Companion rooms, the drawing and the dining room are positioned next to one another. Both are set at the front of the house with exceptional views over the grounds through their large French windows with panelled shutters set into the canted bays. Fine mouldings define the elevations, and elegant plasterwork cornicing frames both spaces. Each room features a handsome marble chimneypiece, the drawing room with a wood burner inset, and the dining room with an open fire. The cosy library is positioned opposite and has walls of custom-built cabinetry and open bookshelves flanking a wooden Regency chimneypiece and another wood burner.
A door midway along the hallway bisects the entire plan and opens to the service areas. Here, there is a separate study and secondary sitting room conveniently positioned just off the kitchen. The butler’s pantry contains the original glass-fronted cupboards, which have been fully restored and are a wonderful place to store treasured china and glassware. A guest cloakroom is set off this room. The service entrance hallway at the rear doubles as a boot room. The backstairs are positioned here with secondary access to the upper floor.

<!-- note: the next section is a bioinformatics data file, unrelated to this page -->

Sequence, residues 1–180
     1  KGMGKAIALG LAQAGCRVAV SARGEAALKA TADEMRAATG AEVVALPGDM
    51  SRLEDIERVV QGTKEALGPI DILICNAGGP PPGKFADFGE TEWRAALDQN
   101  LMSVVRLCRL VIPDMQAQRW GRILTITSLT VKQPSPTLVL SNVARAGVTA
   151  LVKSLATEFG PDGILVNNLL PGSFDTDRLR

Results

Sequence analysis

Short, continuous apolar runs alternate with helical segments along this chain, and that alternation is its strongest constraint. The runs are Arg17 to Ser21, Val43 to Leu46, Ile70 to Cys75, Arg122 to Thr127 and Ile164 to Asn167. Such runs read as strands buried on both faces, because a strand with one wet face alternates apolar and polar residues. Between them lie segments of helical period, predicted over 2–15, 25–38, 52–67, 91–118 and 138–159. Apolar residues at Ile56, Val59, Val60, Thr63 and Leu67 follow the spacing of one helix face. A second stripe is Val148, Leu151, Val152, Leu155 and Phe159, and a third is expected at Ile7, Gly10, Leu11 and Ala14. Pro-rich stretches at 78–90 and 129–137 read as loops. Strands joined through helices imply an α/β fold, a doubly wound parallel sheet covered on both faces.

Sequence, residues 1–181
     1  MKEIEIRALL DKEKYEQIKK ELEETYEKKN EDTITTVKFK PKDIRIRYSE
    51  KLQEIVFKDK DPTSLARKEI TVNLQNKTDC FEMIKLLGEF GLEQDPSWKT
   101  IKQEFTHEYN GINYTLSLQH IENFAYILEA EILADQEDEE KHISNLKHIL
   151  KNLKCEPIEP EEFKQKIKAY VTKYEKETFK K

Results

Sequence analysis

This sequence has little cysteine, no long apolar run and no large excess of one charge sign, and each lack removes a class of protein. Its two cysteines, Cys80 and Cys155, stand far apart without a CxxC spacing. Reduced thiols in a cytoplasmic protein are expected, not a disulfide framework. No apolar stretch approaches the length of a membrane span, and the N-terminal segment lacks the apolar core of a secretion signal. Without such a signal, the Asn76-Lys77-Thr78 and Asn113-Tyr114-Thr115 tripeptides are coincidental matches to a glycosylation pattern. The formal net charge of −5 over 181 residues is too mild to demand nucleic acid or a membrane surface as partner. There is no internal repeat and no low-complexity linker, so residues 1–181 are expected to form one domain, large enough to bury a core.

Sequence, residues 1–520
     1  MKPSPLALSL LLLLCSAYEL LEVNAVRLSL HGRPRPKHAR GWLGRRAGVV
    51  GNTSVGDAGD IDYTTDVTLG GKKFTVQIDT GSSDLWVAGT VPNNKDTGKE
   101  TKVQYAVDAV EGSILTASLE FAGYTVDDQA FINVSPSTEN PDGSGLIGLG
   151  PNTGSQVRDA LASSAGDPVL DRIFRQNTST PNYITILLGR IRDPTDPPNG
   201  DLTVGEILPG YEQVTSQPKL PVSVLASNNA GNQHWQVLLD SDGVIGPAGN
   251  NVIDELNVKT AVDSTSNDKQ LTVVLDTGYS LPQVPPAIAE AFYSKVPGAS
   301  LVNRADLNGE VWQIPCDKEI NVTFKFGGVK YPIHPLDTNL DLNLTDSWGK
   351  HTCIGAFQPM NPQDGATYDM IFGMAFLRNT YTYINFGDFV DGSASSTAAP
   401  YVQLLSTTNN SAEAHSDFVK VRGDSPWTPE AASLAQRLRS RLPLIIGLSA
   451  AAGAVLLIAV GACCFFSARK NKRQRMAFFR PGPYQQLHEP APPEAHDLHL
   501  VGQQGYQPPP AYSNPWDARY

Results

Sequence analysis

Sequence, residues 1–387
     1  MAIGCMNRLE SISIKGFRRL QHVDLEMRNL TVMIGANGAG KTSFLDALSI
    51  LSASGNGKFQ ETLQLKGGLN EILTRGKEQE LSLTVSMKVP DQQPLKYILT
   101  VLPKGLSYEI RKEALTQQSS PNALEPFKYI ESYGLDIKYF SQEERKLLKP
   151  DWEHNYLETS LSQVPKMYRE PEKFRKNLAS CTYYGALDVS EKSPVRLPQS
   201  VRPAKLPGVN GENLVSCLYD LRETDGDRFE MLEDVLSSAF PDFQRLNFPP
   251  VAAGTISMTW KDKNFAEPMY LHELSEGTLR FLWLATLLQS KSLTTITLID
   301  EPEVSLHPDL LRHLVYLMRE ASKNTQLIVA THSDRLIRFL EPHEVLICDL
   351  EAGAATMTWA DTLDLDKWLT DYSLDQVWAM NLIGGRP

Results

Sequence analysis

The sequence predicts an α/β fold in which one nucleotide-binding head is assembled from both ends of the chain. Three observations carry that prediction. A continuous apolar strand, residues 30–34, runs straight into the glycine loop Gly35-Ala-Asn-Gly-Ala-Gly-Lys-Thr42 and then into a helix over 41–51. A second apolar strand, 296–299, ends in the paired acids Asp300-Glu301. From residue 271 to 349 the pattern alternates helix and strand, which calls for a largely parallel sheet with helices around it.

The kitchen was built as part of the second phase of the house’s construction. An orangery spanning over 35 feet in depth, it is a wonderfully bright room with a large pitched roof lantern set into the room’s tall ceiling. French windows open to the expansive stone terrace with wonderful views of the gardens. Pale aged and honed flagstones run underfoot, warmed by underfloor heating.